Enrich your characters’ and readers’ emotional experience with these cues
Readers pick up a book to have an emotional experience. They want to connect with characters on an emotional level that will eventually, by the end of the story, enrich their own lives. (Tweet this).
Readers don’t want to be told how a character feels. They want to experience the emotion themselves. Dialogue is one way to convey or show character emotion, but much of a character’s emotion is nonverbal.
In The Emotion Thesaurus: A Writer’s Guide To Character Expression, by Angela Ackerman and Becca Puglisi, the authors break down nonverbal communication into three elements: physical signals (body language and actions), internal sensations (visceral reactions) and mental responses (thoughts).
In their book, the authors list over seventy emotions, such as anger, depression, doubt, excitement, happiness, loneliness, relief, and sadness, and offer suggestions on how these emotions can be shown through the three elements above.
Below are a few examples for the emotion of desperation:
Feverish, over-bright eyes
A darting gaze
Rubbing one’s upper arms for comfort
Excessive or manic energy
Constant planning and obsessing
A willingness to do anything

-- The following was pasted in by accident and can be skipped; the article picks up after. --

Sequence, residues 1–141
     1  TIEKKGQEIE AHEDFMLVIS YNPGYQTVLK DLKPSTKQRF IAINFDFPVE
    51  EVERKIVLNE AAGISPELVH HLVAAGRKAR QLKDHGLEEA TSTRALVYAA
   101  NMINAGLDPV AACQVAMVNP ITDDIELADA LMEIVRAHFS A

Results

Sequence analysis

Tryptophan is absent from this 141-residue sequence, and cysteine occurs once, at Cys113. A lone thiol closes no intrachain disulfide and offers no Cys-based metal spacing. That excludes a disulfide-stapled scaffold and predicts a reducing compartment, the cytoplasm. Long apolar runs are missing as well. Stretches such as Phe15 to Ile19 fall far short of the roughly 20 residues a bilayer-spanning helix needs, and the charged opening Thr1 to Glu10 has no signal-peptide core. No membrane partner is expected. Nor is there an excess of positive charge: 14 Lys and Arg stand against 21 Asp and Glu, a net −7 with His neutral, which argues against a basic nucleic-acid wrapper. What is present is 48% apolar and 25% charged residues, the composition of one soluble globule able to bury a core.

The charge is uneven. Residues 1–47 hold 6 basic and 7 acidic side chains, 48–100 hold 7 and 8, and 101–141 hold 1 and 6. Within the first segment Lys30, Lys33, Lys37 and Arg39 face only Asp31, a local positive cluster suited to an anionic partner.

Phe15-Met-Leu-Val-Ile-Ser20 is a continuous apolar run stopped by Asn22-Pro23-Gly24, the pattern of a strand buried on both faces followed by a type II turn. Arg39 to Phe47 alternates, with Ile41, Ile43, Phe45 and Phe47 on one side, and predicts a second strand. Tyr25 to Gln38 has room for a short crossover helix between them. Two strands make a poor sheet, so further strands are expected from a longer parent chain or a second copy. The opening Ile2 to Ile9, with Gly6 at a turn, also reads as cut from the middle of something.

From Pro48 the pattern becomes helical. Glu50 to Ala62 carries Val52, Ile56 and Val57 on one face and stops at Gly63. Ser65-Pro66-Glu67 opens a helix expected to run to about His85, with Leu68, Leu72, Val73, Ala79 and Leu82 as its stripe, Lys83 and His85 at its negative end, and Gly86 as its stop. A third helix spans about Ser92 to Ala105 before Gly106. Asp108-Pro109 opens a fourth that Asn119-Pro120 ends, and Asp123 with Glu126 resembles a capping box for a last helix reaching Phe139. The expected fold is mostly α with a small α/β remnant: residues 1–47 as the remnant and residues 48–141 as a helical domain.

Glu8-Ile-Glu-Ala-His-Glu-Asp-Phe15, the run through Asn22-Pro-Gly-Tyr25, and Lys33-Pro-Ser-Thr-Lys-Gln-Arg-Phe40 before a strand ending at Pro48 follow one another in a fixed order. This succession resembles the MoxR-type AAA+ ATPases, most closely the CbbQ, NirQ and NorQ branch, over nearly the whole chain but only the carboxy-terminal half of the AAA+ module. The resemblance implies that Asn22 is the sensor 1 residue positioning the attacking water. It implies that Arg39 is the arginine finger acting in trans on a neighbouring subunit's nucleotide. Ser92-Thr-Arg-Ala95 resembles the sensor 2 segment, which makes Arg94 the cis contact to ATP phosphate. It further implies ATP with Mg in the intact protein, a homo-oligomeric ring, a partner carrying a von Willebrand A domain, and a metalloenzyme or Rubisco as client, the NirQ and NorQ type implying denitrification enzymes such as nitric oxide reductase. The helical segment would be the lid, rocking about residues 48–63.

In addition, for each emotion, some possible acute or long-term effects of the emotion are listed as well as the effects of suppressing the emotion.
According to Ackerman and Puglisi, “Each scene must achieve a balance between showing too little feeling and showing too much. Above all, the emotional description needs to be fresh and engaging.” Avoid clichés, melodrama, and telling your characters’ emotions instead of showing and you will draw your readers’ into your story.
The Emotion Thesaurus is fun and easy to use. Use it as a jumping off point to help generate your own ideas. As long as you use the thesaurus with common sense, it can enrich your characters’ emotional lives and, thus, your readers’ experience.
For more ideas on how to enrich your characters’ emotional landscape read my previous post, “Use character emotions to show vs. tell.”